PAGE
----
There is a growing need in the valley for volunteers who are willing to respond at a moment’s notice to help victims in an emergency situation. The Trauma Intervention Program (TIP) needs volunteers.
From the Las Vegas Strip crash that made headlines around the world to a suicide no one may have heard about, TIP volunteers were there.
Jill Bernacki is the CEO of the program.
“It’s very difficult, but it’s very rewarding,” she said.
For the last 21 years, the non-profit has sent volunteers to aid first responders in all kinds of emergency situations. Their goal is to offer emotional support to victims during their darkest hours.
“In 2015, we responded out to over 1,400 scenes,” Bernacki said.
That’s nearly a 15 percent jump from the year before. Bernacki says the number of people they serve at each call has also increased 30 percent.
She cites the valley’s growing population for the jump in the number and more first responders who are aware of their service.
“All of them, if they had the time and the ability, they would provide that support, because they are in the helping industry,” Bernacki said. “Unfortunately, they don’t have the time to sit on the curb with that individual or hold that person’s hands who just lost their spouse, and we do.”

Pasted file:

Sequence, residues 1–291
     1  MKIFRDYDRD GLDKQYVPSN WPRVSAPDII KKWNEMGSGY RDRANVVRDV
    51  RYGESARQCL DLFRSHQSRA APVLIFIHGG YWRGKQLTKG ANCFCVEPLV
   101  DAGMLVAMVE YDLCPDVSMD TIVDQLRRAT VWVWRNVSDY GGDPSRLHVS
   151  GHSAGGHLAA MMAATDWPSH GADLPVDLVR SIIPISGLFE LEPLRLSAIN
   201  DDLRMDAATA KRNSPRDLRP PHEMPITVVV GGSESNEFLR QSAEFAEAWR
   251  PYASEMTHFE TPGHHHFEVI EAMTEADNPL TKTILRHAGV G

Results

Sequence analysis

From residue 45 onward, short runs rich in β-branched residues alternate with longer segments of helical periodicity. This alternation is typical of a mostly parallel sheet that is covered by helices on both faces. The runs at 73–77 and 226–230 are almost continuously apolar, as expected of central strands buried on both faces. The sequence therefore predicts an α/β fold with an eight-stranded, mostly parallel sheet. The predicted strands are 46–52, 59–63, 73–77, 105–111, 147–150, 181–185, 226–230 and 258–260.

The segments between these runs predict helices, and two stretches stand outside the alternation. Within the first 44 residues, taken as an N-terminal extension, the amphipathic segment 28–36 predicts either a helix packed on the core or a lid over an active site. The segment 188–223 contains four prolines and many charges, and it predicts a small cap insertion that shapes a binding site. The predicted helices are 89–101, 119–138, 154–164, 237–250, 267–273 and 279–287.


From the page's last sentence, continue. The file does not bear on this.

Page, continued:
Bernacki says it’s not always easy to find TIP volunteers, so the search for those willing to step up is ongoing.
“You have to have something special in you. It’s not for the faint of heart,” she said.
The next TIP training academy takes place from January 21st to January 29th. TIP volunteers have to be willing to be on call for three 12-hour shifts per month. Volunteers must also pass a background check.
Training lasts approximately two weeks, but it’s very intense with role playing and other exercises conducted by national trainers. Scenarios range from helping someone who just killed a pedestrian in an accident to helping someone who lost a spouse to suicide.
In addition to initial training, volunteers also must commit to educational meetings every month.